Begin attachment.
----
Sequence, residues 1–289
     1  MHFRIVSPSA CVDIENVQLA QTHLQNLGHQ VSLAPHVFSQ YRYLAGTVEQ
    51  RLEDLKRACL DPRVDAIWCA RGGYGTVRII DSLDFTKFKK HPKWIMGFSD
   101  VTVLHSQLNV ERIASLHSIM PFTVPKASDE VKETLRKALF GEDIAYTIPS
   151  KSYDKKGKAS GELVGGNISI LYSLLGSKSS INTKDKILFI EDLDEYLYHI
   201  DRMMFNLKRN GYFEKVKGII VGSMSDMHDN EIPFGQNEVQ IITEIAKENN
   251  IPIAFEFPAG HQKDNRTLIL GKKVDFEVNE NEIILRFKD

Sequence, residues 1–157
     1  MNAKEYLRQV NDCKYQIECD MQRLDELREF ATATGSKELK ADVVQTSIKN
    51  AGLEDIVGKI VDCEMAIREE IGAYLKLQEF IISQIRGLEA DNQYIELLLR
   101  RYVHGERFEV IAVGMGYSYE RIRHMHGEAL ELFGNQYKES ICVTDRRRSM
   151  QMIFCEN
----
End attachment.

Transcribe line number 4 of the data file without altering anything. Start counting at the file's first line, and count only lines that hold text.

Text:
   101  VTVLHSQLNV ERIASLHSIM PFTVPKASDE VKETLRKALF GEDIAYTIPS